HoC - Roll of Honour - Alfred James Larner

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Wilfred Hitching -- Frank William Keen -- Alfred James Larner -- Charles Richard Larner -- John Patterson Malcolm

Private L/16094 Alfred James Larner

Royal Fusiliers City of London Regiment (b. 1895 d. 1 March 1917)

Alfred's parents Daniel and Charlotte Larner had nine children; Rosannah b1887, Lydia b1897, Daniel b1881, George b1883, Sydney b1885, Emily1887, Charlotte b1889, Charles Richard b1893 and Alfred James b1895. The family knew trying times even before WW1 – as sadly Charlotte Larner died in 1908.

The 1901 census shows the family living locally. Daniel senior is employed as a bricklayer and his son George is listed as a grocer’s assistant. Emily is listed as a domestic servant. It is not known where Rosannah was but it is possible she too was in domestic service. Records suggest Lydia may have married in 1897. The younger children were still at home but two older sons Daniel and Sydney were recorded as being boarders with a family in Acton. Their occupation was described as ‘brick pointers’.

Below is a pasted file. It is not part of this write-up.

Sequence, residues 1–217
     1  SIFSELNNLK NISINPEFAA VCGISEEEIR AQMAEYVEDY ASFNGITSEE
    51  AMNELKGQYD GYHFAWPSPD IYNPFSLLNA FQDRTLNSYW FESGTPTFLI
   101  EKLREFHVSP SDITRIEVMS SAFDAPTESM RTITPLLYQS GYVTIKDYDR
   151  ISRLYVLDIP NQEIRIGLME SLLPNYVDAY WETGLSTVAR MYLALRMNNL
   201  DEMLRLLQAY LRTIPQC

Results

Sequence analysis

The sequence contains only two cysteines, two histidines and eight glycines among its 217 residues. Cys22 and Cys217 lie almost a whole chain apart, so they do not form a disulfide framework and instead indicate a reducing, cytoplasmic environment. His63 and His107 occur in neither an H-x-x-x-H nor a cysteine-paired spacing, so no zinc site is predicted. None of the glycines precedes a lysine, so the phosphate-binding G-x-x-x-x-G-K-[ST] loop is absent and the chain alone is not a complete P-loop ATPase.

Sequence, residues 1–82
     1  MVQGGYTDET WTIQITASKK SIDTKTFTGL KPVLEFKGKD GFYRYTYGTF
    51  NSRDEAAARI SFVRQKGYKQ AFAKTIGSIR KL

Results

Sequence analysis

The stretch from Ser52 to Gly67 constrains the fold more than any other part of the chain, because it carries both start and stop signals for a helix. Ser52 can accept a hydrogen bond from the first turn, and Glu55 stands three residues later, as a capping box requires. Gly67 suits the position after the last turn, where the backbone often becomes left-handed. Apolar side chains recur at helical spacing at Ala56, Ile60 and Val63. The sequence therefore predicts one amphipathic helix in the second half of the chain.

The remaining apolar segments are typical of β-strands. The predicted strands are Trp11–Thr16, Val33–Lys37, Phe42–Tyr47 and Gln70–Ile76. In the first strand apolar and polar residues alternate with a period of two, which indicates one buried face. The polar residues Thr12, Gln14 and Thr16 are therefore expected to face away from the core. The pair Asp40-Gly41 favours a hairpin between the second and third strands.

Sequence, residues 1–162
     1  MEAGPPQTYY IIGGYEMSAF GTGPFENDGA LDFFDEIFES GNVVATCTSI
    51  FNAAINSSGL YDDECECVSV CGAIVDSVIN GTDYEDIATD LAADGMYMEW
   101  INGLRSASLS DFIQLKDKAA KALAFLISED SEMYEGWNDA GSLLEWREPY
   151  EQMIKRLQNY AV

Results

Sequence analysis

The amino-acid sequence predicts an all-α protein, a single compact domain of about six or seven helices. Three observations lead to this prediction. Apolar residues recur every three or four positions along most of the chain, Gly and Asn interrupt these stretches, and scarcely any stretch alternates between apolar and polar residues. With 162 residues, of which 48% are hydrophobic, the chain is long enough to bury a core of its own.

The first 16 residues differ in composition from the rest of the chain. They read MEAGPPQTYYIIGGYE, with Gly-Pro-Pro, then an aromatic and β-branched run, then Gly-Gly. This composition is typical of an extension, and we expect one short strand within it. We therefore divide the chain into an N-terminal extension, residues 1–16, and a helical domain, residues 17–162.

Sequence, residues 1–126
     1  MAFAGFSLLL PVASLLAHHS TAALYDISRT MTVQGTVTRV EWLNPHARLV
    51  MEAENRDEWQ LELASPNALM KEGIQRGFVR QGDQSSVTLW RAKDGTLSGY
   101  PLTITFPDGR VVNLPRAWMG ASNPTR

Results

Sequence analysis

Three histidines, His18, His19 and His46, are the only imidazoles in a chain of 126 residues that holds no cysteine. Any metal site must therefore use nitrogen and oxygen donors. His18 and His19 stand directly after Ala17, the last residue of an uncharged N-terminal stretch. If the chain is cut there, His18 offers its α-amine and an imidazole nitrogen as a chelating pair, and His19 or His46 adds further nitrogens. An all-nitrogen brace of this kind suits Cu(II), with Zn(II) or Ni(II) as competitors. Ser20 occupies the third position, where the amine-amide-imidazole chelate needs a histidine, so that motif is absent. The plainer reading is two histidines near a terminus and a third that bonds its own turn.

By the time of the 1911 census Daniel senior was living at 15 Stanley Gardens with Alfred described as a ‘laundry carman’ probably at one of the many commercial laundries in the Acton area at this time. They also had a boarder named Henry Newens. George meanwhile was living with his wife at 8, Herbert Gardens while employed by a local grocer at a shop on 17 Gordon Road. Charlotte at this time was a cook in the home of a retired barrister.

Of Daniel and Charlotte Larner’s five sons, four served in the forces, two of them were killed. Their son George did not see active service due to a mix of poor health and the nature of his job which involved food distribution. Food shortages became more acute as the war progressed and rationing was introduced.

Alfred was a private in the 2nd Battalion, Royal Fusiliers. He first served in the Balkans in 1915 and then transferred to the Western Front where he died of wounds on 1 March 1917. He is buried in Boulogne Eastern Cemetery. The area around Boulogne and Wimereux formed one of the chief hospital areas. It is likely that Alfred was evacuated to this area but his wounds proved fatal.

His brother Charles, a Corporal in the King’s Royal Rifle Corps, was killed in action five weeks after Alfred died.